2. Lolita john says:

    Here’s my first impression of Palm Coast when we moved here in 2005.

    Palms Coast has a hard edgyness to it that made it seem as though it had a long, harsh and tired life.

    Similar to a lady of the night / aging actress (sometimes they’re one and the same) who knows her days are over but is unable to accept it because there is nothing else that she knows do. Besides she still has to live and so she gets dolled up everyday and goes out hoping to turn another trick just to make it through because she cannot afford not to – she still needs to survive. She has nothing to her name and all practical thoughts and plans are a lost cause because she squandered it all when life was good and now it’s too late.

    Well Palm Coast – I am not going to become one of your johns (willing or unwilling). I’m moving on.

    Hope this helps you to see it from a citizen’s perspective.

  3. palmcoaster says:

    Sure we didn’t need this “facilitator” at 14,000 to 22,000, if this meeting is not over tomorrow. What an outsider from our county can come at an outrageous pay rate and tell us that we already know and we know it better.
    As a resident and business owner I suggested our elected ones to star energizing our economy by no longer outsourcing our government contracts and promote that way the use of our local small businesses, services and contractors. That alone will create hundreds of “for sure jobs”. No need for additional increase of any taxes, grants, relocation expenses, tax subsidies or tax breaks. We are all right here and now just use our services and machine. Promote the local businesses and shopping malls all over our cities, not just one. Bring more sports events like the successful Half Marathon in Palm Harbor. Set up a program of commissions for realtors, residents, locals businesses and or government employees and or professionals and anyone that invites and brings a business to settle in this county that will hire at least 2 new workers in town and after the commitment is finalized. The more workers hired the higher the commission. When a developer expects special attention and or approval should be done after a clause to hire first, man and machine within the county. No excuses please. This will be a very positive and totally no costly start for a very realistic economic development.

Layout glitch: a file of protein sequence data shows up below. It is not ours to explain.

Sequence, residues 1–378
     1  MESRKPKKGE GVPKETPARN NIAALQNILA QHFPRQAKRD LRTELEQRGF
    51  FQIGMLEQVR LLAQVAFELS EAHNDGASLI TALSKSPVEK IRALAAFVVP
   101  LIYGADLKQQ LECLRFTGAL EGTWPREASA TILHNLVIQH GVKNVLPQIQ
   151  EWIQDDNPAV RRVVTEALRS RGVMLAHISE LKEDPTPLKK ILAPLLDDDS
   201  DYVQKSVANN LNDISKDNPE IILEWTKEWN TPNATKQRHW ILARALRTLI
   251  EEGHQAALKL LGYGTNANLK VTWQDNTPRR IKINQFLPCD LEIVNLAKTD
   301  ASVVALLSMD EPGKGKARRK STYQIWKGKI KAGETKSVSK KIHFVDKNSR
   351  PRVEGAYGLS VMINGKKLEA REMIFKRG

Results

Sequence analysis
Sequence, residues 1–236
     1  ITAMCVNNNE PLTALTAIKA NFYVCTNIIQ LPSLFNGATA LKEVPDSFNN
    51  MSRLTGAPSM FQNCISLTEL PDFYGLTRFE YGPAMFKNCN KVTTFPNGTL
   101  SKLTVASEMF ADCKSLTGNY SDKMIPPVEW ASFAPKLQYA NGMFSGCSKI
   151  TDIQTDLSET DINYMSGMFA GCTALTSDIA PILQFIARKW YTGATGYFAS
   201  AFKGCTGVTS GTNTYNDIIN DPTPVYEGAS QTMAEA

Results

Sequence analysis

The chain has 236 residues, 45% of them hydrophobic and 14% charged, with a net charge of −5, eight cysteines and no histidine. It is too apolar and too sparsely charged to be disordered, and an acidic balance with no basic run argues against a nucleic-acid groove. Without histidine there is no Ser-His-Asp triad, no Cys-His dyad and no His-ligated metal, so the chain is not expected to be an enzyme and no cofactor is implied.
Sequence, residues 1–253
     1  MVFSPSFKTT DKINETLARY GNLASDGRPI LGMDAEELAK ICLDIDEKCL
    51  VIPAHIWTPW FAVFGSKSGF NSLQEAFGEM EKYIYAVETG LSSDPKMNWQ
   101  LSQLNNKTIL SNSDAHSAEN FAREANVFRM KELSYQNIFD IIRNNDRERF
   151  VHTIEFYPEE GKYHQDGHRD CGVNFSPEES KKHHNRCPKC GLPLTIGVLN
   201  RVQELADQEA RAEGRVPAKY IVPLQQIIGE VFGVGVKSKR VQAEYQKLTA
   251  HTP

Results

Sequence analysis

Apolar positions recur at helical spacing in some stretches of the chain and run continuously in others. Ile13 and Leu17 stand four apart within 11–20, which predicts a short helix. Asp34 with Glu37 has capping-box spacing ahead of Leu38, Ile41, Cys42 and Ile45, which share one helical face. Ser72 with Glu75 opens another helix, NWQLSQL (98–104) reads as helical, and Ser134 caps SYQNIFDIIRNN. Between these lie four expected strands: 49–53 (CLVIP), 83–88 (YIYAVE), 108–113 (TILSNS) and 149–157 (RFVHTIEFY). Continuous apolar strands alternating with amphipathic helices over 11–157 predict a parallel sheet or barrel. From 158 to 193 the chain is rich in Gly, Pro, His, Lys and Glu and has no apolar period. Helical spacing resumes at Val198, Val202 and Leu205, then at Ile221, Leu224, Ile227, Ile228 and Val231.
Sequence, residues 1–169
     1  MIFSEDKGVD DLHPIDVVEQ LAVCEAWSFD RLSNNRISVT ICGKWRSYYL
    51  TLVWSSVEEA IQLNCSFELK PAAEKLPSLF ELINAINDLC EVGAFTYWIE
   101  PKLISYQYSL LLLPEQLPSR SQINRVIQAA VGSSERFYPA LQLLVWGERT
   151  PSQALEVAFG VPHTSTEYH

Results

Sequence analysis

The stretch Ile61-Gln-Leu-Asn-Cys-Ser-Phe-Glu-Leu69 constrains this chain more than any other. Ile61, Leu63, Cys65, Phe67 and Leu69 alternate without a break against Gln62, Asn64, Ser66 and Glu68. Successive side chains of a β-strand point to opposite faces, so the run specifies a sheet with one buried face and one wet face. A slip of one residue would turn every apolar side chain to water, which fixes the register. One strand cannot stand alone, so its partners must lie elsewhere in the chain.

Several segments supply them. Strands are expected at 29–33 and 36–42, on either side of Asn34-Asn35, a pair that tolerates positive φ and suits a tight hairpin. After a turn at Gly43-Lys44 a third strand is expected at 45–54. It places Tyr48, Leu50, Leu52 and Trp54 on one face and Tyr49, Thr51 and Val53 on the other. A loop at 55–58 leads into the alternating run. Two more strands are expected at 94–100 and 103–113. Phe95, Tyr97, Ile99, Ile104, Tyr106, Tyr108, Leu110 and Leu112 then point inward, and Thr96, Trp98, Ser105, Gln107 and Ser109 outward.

What about targeting businesses in the frozen North in winter, to move to our paradise? The Internet is a very efficient and inexpensive tool for that and can be done on a commission basis also. Get a group of retired volunteer professionals, as we have so many and probably willing to help on the economic recovery and just for pride to do that work. Lets think about what is the business in particular that yet, we do not have in this county, and go for those first. Promote local networking by setting a good example first.
    It is such an absurd reality going to all the big box stores and large chain clothes retailers and see how ignorant is to have all they sale made overseas…so don’t they think that their greed ultimately will end their businesses, as the unemployed they create won’t be able to afford their goods any longer in this country?That is the sad big picture, at national, state and city levels as well.

  4. Richard says:

    Hi!. I sat in the audience for the first hour or so then left for more productive business. I’m not quite sure what to make of your comparison of Upton and John Lennon, but I suspect you do John Lennon an injustice.

    I hope tomorrow they may separate the issues into short term (getting jobs for the people here, reducing the blighted foreclosed homes, and reducing crime) and the long term (creating a more balanced economy, with a skilled educated population, and appropriate infrastructure both for tourism, small manufacturing industries, and professional service business.)

    Unfortunately a large number of the participants are in the development and real estate business on which Flagler County depended so much during its boom years. Perhaps these are the people on which our retraining efforts should be concentrated. I noted little participation in the meeting from retail, restaurants or recreational (tourism) business. Let alone, as you noted, from cultural or arts organizations.

    There were a good number of people like myself, who retired from significant positions in large corporations, but our interests in moving here were to find a nice place to retire. We would like to see it prosperous, but we have our own motivation which has to be balanced against the other needs of the community.

  5. nan says: